Planet of the Spiders (Doctor Who: Planet of the Spiders: Part One (1974)) proved once again the scope and quality of the popular Doctor Who (1963). All involved must be congratulated on producing a classic story leading excellently to the metamorphosis from Jon Pertwee's Doctor to Tom Baker's. The storyline was powerful, introducing exciting chase sequences, mysterious ceremonies and chilling monsters. The acting was first-class, particularly Jon Pertwee's performance when the Doctor faced his greatest fear, the Great One! And of course the visual images of senior visual effects designer, Bernard Wilkie, were wonderful to watch.
Doctor Who (2005), like time, cannot stand still. It must always move and change.
[in 1974] Jon Pertwee's Doctor of the frock coat and gadgets has gone. But that character was but one of the facets of this eternal time lord, the greatest science fiction character ever created. There is an infinite number of further faces and natures to choose from. Tom Baker must select one and play it to the best of his ability. It is this infinite number of characters that ensures Doctor Who (1963)'s future. For, like time, Doctor Who (1963) will go on forever.
[on his performance in Local Hero (1983)] I don't think I had any capacity to act. I think I was just a bit of a... twat.
The Ladykillers (1955), the movie, is one of those rare things that's an almost perfect movie but it's just full of all this great stuff that you can't leave alone. It's very, very stylish, it has this almost ghoulish quality about it.
If you put me in a real TARDIS, I dread to think what would happen to the universe.
[on Doctor Who: The Ark in Space: Part One (1975)] I love The Ark in Space. I think The Ark in Space is great because I love Tom Baker, his hair is just like the most wildest hair ever. I think later on as you watch the rest of his time as Doctor Who (1963) I think he started to get a perm or something, he looks more like Harpo Marx towards the end of his run. But in his first season he's just got this absolute mess of bohemian hair, what would you call it, a Tom-fro, a Doc-fro? He's got a big Doc-fro. And also his speech in that about human beings, he just takes grasp of the role of Doctor Who (1963) in that season, in that story, so completely.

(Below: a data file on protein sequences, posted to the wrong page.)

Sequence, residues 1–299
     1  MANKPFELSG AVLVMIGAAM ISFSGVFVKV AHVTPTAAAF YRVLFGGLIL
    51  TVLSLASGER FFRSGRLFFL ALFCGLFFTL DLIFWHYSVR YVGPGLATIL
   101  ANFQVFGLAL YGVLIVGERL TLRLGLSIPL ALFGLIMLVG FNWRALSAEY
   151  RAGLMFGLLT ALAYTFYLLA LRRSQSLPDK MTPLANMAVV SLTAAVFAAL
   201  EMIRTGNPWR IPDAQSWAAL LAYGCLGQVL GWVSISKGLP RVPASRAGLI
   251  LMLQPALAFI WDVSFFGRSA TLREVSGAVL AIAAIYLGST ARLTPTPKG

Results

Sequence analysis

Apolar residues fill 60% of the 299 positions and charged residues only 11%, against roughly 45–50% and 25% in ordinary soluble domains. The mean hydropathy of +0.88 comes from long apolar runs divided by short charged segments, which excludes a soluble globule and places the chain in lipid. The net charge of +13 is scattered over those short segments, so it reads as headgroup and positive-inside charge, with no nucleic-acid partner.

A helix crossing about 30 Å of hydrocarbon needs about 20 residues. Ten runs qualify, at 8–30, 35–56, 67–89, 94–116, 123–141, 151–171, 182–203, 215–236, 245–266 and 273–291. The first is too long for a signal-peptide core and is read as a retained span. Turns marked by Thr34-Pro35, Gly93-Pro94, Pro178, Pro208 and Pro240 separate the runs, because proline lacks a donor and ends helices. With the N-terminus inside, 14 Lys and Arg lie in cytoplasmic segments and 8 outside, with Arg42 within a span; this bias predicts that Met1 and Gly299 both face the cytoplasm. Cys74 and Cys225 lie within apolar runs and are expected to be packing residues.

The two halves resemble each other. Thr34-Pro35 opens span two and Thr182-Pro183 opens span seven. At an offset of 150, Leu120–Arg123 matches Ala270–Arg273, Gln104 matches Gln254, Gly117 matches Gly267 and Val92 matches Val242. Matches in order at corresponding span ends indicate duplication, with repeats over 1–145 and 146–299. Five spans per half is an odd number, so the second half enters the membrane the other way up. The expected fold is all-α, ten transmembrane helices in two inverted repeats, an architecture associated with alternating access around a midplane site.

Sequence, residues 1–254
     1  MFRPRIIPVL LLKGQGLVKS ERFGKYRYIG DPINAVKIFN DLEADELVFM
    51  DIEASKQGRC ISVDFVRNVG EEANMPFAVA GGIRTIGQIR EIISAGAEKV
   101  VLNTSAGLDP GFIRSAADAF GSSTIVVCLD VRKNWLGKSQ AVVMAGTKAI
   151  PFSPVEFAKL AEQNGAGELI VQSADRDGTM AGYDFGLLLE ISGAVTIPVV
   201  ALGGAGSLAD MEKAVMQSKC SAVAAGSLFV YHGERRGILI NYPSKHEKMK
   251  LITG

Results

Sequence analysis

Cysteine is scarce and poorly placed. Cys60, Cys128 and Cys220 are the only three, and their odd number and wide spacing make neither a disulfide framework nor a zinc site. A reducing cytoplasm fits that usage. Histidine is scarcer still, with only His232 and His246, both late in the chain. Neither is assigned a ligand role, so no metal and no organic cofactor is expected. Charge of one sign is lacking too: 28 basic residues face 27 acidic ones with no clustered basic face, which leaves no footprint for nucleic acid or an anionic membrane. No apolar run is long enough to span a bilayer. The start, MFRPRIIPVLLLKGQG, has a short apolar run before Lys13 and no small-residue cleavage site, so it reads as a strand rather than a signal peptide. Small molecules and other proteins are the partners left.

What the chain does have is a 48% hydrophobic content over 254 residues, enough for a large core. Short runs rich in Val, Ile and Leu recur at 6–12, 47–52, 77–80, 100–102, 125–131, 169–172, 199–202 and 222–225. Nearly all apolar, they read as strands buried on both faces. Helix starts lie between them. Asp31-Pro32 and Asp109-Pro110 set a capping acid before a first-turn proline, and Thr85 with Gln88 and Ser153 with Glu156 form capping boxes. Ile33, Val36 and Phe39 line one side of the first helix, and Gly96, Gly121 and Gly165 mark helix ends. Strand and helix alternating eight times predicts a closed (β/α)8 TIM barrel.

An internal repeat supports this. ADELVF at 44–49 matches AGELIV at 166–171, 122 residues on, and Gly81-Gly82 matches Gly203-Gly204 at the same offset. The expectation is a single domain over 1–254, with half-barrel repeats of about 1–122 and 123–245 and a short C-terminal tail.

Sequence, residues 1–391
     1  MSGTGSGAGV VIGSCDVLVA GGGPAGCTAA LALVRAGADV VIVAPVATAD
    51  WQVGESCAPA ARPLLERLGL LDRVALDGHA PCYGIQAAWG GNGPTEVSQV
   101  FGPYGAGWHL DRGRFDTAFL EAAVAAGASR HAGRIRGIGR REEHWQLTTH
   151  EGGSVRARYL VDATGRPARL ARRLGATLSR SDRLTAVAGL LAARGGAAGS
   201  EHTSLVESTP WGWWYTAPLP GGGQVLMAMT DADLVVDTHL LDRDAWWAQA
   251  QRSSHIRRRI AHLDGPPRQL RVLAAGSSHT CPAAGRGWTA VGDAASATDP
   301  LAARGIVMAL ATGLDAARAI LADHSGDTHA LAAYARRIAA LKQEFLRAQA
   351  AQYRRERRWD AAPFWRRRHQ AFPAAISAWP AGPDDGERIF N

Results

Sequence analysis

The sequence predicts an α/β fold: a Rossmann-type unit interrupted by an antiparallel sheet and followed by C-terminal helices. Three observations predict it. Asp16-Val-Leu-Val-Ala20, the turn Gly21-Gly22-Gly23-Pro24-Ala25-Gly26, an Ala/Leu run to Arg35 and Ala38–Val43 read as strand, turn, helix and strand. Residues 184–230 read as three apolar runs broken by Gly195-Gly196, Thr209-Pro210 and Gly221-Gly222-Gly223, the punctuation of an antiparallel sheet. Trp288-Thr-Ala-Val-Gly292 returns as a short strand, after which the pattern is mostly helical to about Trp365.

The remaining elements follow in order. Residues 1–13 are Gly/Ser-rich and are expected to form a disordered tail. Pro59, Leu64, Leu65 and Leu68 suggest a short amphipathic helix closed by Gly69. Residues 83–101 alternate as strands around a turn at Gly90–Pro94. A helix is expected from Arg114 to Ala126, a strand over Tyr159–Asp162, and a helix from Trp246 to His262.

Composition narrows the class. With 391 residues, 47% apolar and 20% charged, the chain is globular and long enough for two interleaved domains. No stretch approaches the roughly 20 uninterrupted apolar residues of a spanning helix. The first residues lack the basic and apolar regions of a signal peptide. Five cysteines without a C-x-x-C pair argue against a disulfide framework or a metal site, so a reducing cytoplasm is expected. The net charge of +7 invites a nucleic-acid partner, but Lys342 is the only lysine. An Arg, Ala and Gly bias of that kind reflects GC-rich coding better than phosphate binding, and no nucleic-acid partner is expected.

I could sit and watch Jon Pertwee do anything. I could just sit and watch him read the telephone book. He's such authority and if you're in trouble you want those doors to swing open and Jon Pertwee to come storming in with a flap of his cape.
I love the last episode of Frontier in Space (Doctor Who: Frontier in Space: Episode Six (1973)). Isn't that one of the great Doctor Who (1963) episodes ever? Because you've got everything in that.
Patrick Troughton is one of the most extraordinary actors, just his delicacy, his ability to jump from being irate to being kindly and clownish.
My adolescence was a kind of motorway pile-up. I wish I had known that one day the geek would inherit the Earth.
[on Doctor Who (2005)] It has to slip between the epic and the domestic. The great trick of Doctor Who (2005) is that he'll be at the edge of the galaxy watching stars being born, but he'll drop you off in the mall outside KFC.
[Speaking to a young Doctor Who (2005) fan at 2016 Dallas Comic-Con] You've got to be nice to your Mum. You've got to be kind to people. You've got to work hard, and make the very best of the gifts that you have, of your talents, and take them out into the world. You're a clever, and bright, and creative person. That's the most important thing to take forward; to take forward that belief in yourself, and a belief of how valuable it is to bring creativity into the world.
[on declining an OBE] Well, I'm not really that interested. I think it's lovely that people get them, but it's not really my thing.
You've got to be nice to your Mum. You've got to be kind to people. You've got to work hard, and make the very best of the gifts that you have, of your talents, and take them out into the world. You're a clever, and bright, and creative person. That's the most important thing to take forward; to take forward that belief in yourself, and a belief of how valuable it is to bring creativity into the world. (Speaking to a young Doctor Who fan at 2016 Dallas Comic-Con)

Salary (1)

Doctor Who (2005) £250,000 (2016)